Julies Blog

Vacuum Cleaners that don't work too well

by Julie Finch-Scally

For the past few weeks I have been getting more and more frustrated with the results from my vacuum cleaner. I have a turbo collector on the arm which shows me the amount of dust and fluff that is being collected so I know it is working, but for some unknown reason I keep finding small specks left behind on the carpet.

The small specks are usually black and look like bits of cotton or fluff from old socks. As the specks are more prevalent in the bedroom I suspect it is from the inside of black socks.

Now there are a couple of reasons why my vacuum might not be picking up these black specks. One is the static electricity generated by the vacuum head rubbing over the carpet. This I could understand if the carpet was made of nylon, but as the carpet is made with wool the static build-up shouldn’t be that great. The other reason, the vacuum is not working as well as it should. Why isn’t it picking up these small black specks?

I finally discovered the answer when I removed the vacuum from the cupboard to clean the house. The head of the vacuum cleaner was full of fluff. People forget the head, which moves over the floors guiding the dust up into the vacuum cleaner has small spaces where the fluff can settle. I had forgotten, but when I saw the fluff collected around the wheels at the base of the head I realised this was the problem.

It is not hard to clean the head of a vacuum cleaner. There are usually a couple of screws that need to be taken out and the base plate is then easily removed. The amount of fluff that gets caught in the head is quite a lot. It infiltrates and flattens out to the shape of the space. When it gets too full you will find it difficult to click the brushes in and out. Whenever I have previously cleaned the head of my vacuum cleaner I have always been surprised at the quantity of fluff it is housing.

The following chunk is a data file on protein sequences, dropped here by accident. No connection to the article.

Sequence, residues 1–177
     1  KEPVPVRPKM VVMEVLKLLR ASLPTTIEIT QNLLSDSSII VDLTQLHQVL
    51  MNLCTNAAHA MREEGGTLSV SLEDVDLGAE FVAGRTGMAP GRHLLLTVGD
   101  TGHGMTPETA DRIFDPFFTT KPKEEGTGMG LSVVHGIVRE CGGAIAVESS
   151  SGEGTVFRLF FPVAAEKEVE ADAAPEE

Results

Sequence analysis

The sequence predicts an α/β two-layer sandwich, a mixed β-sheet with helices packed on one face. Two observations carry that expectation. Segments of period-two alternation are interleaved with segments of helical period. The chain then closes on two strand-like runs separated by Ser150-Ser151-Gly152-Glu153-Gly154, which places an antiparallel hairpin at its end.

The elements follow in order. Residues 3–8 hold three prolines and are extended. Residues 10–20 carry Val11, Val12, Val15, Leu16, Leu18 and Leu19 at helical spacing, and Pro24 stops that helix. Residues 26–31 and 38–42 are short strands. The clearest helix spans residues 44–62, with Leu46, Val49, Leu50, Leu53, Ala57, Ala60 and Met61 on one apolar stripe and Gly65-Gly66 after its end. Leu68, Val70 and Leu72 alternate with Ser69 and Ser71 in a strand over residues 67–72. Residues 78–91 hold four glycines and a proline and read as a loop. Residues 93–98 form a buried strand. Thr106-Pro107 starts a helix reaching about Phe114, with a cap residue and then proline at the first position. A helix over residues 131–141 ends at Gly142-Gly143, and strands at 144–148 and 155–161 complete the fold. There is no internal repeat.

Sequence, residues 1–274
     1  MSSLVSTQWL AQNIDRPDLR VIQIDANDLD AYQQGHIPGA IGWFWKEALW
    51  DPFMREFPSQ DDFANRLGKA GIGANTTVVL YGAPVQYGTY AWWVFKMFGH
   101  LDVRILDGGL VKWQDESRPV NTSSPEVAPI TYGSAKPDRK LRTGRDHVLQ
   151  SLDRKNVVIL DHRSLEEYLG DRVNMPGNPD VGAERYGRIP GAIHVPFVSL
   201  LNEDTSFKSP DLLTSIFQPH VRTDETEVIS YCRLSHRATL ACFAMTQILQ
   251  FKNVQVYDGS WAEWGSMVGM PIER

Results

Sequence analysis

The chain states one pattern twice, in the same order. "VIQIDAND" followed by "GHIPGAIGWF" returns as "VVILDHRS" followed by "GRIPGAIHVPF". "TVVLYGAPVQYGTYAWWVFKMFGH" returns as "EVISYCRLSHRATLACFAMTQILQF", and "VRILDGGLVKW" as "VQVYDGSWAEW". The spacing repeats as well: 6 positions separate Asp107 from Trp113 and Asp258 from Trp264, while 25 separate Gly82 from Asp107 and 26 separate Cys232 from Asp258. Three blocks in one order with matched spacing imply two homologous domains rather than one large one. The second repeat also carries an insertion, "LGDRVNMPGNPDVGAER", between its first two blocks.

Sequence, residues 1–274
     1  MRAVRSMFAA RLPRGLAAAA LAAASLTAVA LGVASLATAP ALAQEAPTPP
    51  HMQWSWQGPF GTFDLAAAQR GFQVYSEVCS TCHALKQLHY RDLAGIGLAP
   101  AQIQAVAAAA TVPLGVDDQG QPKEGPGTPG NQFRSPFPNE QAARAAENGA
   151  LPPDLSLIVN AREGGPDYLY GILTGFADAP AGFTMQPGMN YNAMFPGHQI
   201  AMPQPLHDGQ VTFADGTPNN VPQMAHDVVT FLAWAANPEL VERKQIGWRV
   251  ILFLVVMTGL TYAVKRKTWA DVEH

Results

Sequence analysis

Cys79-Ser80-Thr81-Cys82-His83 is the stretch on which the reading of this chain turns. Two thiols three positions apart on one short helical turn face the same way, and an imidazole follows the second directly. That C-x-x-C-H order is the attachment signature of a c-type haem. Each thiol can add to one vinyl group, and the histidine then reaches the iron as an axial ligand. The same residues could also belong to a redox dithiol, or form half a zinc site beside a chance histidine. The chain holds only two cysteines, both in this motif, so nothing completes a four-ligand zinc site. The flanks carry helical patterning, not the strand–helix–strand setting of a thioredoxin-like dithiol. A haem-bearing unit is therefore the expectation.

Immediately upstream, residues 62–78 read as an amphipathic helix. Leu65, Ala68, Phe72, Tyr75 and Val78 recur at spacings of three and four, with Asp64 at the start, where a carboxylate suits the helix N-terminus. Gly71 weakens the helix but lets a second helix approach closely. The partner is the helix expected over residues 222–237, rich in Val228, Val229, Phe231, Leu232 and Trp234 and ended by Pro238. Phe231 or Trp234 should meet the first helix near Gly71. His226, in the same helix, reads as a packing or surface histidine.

So before using the vacuum again I will be cleaning out the fluff in the vacuum head and attacking those little black specks in the bedroom. And I will be making a point of regularly checking the head in the future when ever I use the vacuum.

 

 

Are you or someone you know thinking of selling their property?

 

Julie Finch-Scally

The Guru of Cleaning®

can show you how

 

In Ebook format the two books

 

‘Preparing your Apartment for Sale

and

‘Preparing your House for Sale

 

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find out how to purchase from

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How much concentrated dish washing liquid do I need to use?

 by Julie Finch-Scally

It has been at least six months since I started using the new super concentrated dish washing liquid.  The product works well and smells great, but I can never judge the amount I need to squeeze into the sink.  I get either too many bubbles, which takes for ever to dissolve down the plug hole; or I get too little product and it won't do the job.

The other problem that is driving me to distraction is the nozzle constantly gets clogged.  After experimenting with several ways of removing the coagulated liquid, such as scraping out the mess with a spike or cloth, I finally found it easier to take off the lid and put it into the water while washing up.  When I had finished doing the dishes the hole in the nozzle was clear and I could replace the top onto the bottle.  Only problem is after a few more uses the nozzle is choked again.

Last week I thought I'd be smart.  I reasoned, if I diluted the liquid it wouldn't be so thick, then I would be able to judge how much product I would need and it wouldn't clog the nozzle.  Wrong.  Not a good idea.  If you have been thinking of trying this, don't bother.  It didn't help.

I had half a bottle of the concentrated solution left so I filled the bottle with water and shook it gently to dissolve the water in the washing up liquid.  Because the nozzle hole is so wide I now slightly tip the bottle and a stream of fluid empties into the water which gives me, yes, you've guessed it, too many bubbles. 

I know is says on  the bottle "Use half as much", but I would like to know how.  When it was thick I could never judge the amount of liquid needed, now it is thin I still can't judge the amount, I just get what pours out through the hole.

I am frustrated and looking for the answer.  How do I work out how much concentrated dish washing liquid I should pour in the sink to clean the varying number of dishes I need to wash after each meal?  Also, how do I stop the nozzle getting clogged?  If anyone out there knows the answer to these questions I would be very happy to find out.

 

 

Are you or someone you know thinking of selling their property?

 

Julie Finch-Scally

The Guru of Cleaning®

can show you how

 

In Ebook format the two books

 

‘Preparing your Apartment for Sale

and

‘Preparing your House for Sale

 

will take you from ‘decision’ to ‘moving’

 

find out how to purchase from

the ‘Cleaning Books’ section

 

 

 

 
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